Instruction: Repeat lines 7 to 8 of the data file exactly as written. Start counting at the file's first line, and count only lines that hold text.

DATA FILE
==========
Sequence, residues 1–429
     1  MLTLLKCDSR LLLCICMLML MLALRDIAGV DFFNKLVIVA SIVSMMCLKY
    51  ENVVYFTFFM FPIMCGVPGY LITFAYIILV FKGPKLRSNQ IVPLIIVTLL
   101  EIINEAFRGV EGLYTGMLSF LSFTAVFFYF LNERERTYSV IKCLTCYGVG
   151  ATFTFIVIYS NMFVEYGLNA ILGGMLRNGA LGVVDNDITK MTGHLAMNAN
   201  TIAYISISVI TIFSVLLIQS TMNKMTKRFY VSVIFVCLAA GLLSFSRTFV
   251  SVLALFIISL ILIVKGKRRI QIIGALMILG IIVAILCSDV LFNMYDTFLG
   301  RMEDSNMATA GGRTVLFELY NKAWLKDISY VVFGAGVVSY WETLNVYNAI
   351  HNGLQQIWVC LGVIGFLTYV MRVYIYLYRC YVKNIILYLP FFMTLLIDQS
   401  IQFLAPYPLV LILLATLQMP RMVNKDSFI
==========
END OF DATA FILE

   251  SVLALFIISL ILIVKGKRRI QIIGALMILG IIVAILCSDV LFNMYDTFLG
   301  RMEDSNMATA GGRTVLFELY NKAWLKDISY VVFGAGVVSY WETLNVYNAI